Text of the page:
1,000 Tools, One Price
Of all of the words in the English language, there are few that are as open to interpretation as the word “economy.” Countless institutes of higher learning offer undergraduate programs focused on “Economics.” They mold young minds to consider every issue in terms of cost/benefit relationships and collective value. After four years, if the student’s mind has become sufficiently moldy, they are invited to pursue a graduate degree in the field.
Now, you might ask what Economics has to do with woodworking. I propose that outside of the world of International Banking and High Finance, there is no other group more financially polarized than woodworkers. We have our own little micro-economic universe where we vacillate somewhere between two economic extremes. A less sensitive observer might call these boundaries “The Cheap” and “The Exorbitant.” However, in the interest of unity, we’ll call them the “Tool for a Day” and the “Tool for a Lifetime” philosophies.
Advocates of the “Tool for a Day” approach will argue that the quality of the tool is secondary to the skill of the craftsman. After all, an artisan of sufficient talent should have no problem building a Chippendale Highboy using nothing more than popsicle sticks and a steak knife. The “Tool for a Lifetime” crowd takes a different view of hardware purchases, living and dying by the mantra, “You get what you pay for!” Any tool that has the honor of entering their shop must not only be of the very highest quality, but also have an unquestionable pedigree, the proper paint scheme and a degree from Stanford.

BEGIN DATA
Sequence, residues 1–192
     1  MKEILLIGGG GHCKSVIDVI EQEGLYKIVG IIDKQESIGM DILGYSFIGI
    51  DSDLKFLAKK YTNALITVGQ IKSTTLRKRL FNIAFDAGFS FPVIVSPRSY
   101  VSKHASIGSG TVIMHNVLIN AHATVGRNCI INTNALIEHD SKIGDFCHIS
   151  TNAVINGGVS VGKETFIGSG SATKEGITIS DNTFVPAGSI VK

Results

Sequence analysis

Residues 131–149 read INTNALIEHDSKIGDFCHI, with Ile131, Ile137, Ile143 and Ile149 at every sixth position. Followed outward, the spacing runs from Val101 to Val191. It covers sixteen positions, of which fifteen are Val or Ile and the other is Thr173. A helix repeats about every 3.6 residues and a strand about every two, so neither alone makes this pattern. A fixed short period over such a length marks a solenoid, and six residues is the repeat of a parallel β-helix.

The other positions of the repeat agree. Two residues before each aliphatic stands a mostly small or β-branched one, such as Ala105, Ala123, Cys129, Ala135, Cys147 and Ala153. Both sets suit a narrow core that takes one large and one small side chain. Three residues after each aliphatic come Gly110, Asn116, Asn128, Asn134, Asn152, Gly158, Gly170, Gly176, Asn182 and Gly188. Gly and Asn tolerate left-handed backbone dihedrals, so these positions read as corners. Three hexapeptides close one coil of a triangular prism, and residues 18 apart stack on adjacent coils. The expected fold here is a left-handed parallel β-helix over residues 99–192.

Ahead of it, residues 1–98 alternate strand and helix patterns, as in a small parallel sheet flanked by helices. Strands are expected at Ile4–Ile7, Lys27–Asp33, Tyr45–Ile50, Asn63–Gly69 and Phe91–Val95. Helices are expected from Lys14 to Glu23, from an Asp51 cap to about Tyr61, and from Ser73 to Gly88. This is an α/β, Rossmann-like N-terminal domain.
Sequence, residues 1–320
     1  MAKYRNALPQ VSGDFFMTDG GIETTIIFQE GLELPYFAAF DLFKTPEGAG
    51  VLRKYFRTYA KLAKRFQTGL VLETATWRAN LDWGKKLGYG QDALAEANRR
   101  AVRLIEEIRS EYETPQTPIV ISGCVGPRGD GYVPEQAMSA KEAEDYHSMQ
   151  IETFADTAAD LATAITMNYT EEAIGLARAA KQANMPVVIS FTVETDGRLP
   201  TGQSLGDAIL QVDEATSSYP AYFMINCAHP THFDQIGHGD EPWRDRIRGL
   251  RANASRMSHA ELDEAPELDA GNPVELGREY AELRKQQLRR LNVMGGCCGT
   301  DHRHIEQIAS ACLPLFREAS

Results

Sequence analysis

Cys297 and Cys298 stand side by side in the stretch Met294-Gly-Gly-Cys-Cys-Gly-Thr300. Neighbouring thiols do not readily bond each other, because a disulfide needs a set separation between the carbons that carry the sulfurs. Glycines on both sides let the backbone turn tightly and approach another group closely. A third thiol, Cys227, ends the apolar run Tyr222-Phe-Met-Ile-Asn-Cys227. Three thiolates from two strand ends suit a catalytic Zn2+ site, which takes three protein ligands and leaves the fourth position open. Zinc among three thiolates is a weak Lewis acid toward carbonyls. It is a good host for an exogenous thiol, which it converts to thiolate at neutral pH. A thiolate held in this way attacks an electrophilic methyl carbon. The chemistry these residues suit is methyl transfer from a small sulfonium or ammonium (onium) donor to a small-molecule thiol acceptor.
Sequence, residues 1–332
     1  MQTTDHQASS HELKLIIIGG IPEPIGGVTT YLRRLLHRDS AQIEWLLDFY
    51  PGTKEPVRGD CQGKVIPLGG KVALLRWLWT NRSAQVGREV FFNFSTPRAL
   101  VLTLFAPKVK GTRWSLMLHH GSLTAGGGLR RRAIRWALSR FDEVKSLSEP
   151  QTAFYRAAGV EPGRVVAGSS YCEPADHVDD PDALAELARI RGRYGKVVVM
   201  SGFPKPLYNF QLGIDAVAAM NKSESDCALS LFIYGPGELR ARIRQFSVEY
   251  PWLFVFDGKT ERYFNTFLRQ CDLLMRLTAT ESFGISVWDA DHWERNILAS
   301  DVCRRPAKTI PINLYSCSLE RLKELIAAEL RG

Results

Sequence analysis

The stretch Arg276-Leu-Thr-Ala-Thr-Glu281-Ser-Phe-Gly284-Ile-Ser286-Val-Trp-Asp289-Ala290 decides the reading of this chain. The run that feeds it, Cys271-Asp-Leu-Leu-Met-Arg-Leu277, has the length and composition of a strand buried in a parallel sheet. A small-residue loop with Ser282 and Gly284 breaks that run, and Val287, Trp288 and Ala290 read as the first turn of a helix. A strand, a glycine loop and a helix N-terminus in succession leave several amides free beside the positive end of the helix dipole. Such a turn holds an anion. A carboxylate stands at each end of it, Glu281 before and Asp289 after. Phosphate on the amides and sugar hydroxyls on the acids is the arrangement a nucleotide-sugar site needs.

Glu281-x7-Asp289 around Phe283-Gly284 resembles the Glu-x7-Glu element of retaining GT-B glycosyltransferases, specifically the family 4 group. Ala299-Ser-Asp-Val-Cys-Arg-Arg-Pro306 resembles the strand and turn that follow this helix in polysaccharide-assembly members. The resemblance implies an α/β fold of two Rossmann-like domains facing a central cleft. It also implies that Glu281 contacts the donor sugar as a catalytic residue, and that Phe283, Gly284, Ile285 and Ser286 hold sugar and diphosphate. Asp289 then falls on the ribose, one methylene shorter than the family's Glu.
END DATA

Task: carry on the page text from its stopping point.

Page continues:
As I said before, most of us drift between these two extremes — our buying habits depending on the reason for the purchase. When buying a tool for a job we love, we’ll slide toward the exorbitant end of the scale, perhaps buying the “ultimate jigsaw,” knowing it will spend years as a faithful servant. On the other hand, when it comes to scraping the peeling paint from the front door, we’re more likely to use the license plate off the family station wagon before coughing up the 75 cents necessary to buy a scraper. It is the nature of man.